Barcelona, is the capital city of the autonomous community of Catalonia in Spain and Spain’s second most populated city, with a population of 1.6 million within its administrative limits. Its urban area extends beyond the administrative city limits with a population of around 4.7 million people, being the seventh-most populous urban area in the European Union after Paris, London, Madrid the Ruhr area, and Berlin and Milan. It is the largest metropolis on the Mediterranean Sea, located on the coast between the mouths of the rivers Llobregat and Besos, and bounded to the west by the Serra de Collserola mountain range, the tallest peak of which is 512 metres (1,680 ft) high. From Wikipedia, the free encyclopaedia.
MY city has proved to be more than I had expected. I was aware that Barcelona was a good city to visit but had visions of ‘another old European city full of old buildings’. My impression now is ‘a European city full of old buildings, merged in with many new and architecturally diverse buildings’. Of course, a mass of moving people, scooters, taxis and tour buses.
After shopping at the market for our breakfast, we took the Blue Route of the hop on hop off bus to the northern part of the city. These tours take 3-4 hours and are very popular with the tourists. We lined up for 30 minutes to board the bus for our journey. The top deck is usually full. A guy commentates on the buildings and architecture and various famous people of the city who lived in ‘that’ building or composed ‘that’ piece of music ‘there’. You listen in to your language through supplied earphones.
I had said to Lyn that we never get off at the touristy spots and were right outside the Barcelona Football Stadium soon after. I thought I could jump off the bus and buy some souvenirs and back on. Lyn suggested we get off and take a look around at what looked like a very busy attraction. It turned out that it surely was a busy attraction with official football clothing and souvenirs and other sports related ‘stuff’ available. The que to the ‘walk through the stadium’ visit was very long, each willing to pay 23 Euro to do just that. The retail hall was exceptionally busy with shoppers able to buy football jumpers and have their team hero’s name and number embroidered or stamped on them. They also had a little waffle bar and that became our lunch stop. (Now ya talkin’).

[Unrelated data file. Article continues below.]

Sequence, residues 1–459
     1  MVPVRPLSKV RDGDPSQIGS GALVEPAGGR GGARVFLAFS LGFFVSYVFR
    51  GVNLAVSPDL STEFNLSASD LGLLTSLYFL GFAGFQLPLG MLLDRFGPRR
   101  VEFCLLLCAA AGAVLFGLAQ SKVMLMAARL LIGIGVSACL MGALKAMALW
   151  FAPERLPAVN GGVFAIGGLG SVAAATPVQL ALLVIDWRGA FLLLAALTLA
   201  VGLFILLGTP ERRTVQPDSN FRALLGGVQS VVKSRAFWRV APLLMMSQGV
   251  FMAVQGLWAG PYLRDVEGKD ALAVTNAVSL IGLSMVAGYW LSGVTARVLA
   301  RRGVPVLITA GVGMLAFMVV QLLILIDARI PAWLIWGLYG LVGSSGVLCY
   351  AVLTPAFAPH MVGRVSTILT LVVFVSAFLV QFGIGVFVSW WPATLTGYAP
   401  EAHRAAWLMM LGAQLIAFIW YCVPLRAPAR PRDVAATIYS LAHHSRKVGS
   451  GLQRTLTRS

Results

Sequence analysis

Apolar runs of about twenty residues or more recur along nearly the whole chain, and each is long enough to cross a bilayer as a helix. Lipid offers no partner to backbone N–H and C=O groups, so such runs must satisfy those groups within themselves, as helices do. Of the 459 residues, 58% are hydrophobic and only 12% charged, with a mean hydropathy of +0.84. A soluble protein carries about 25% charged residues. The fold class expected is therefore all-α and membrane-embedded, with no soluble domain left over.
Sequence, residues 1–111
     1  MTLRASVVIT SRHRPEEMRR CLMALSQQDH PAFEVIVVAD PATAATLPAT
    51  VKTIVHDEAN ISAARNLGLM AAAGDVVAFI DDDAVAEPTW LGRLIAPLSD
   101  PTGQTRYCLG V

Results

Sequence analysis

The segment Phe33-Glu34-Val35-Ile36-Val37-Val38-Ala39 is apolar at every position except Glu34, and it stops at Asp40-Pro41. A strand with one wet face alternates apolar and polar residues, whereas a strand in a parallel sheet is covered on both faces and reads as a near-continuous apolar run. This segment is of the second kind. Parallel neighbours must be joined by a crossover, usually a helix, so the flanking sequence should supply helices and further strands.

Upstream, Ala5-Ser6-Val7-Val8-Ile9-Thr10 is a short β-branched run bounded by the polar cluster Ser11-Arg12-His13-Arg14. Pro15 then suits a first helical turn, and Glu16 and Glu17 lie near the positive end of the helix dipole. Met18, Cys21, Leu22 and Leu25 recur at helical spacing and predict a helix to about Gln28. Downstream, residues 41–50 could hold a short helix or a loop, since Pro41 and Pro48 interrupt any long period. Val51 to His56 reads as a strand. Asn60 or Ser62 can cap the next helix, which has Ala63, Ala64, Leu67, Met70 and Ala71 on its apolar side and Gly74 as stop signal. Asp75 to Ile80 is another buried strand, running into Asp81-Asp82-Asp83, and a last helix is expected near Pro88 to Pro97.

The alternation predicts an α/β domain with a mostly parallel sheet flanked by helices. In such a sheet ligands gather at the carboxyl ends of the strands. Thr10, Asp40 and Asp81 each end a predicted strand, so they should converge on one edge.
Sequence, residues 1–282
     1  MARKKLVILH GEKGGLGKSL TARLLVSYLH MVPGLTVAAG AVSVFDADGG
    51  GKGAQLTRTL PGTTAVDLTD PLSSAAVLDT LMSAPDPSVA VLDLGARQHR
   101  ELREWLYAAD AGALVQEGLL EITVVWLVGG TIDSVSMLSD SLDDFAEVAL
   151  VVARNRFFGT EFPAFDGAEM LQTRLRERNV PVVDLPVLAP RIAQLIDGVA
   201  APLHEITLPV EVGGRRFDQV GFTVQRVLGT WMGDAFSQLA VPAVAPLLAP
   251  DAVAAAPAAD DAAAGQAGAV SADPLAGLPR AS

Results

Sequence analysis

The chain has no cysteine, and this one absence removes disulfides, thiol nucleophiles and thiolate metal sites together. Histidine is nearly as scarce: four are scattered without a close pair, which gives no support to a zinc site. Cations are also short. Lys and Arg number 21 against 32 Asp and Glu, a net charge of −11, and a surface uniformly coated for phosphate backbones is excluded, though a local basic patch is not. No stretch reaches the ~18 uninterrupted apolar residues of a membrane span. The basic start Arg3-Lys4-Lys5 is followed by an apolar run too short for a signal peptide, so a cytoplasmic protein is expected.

As we had said to our group members to fossick around and see the city, we had not expected to see any of them for most of the visit. While walking around the football precinct, we ‘banged’ into Lindley who was wandering alone. With 3 million people in this city, the odds of accomplishing that are way out of this world.
At the end of the Blue Route Tour, Lyn and I returned to the room for a rest before setting out by foot to see some more of the city. We found the Gotic District considered to be the old part of the city. Of course, there was another grande cathedral there and people milling around the square. We stopped to view some break dancers doing their thing; one guy seemed to be bouncing from a shoulder stand and into a head stand and back to a shoulder stand with the beat of the music. After his effort, I noticed he was a little ‘dazzed’ if that is the right word.
For dinner, we went into the supermarket across the road and found an Asian ‘cook and eat’ kitchen inside the supermarket. We ordered and for 6 Euros each had a very nice bucket of Asian rice or noodles with vegetables.
Another early night was our choice and we were asleep by 9:00pm.
We board the Royal Princess tomorrow for our much awaited for 21 day cruise around the Mediterranean – stay with us.